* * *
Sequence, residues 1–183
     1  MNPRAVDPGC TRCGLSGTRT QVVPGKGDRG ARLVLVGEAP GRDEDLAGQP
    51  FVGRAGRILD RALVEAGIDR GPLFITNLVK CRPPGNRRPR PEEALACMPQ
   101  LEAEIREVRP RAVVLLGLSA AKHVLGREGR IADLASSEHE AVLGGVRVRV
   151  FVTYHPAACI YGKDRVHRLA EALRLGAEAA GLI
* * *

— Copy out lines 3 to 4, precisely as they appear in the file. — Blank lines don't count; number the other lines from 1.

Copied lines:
    51  FVGRAGRILD RALVEAGIDR GPLFITNLVK CRPPGNRRPR PEEALACMPQ
   101  LEAEIREVRP RAVVLLGLSA AKHVLGREGR IADLASSEHE AVLGGVRVRV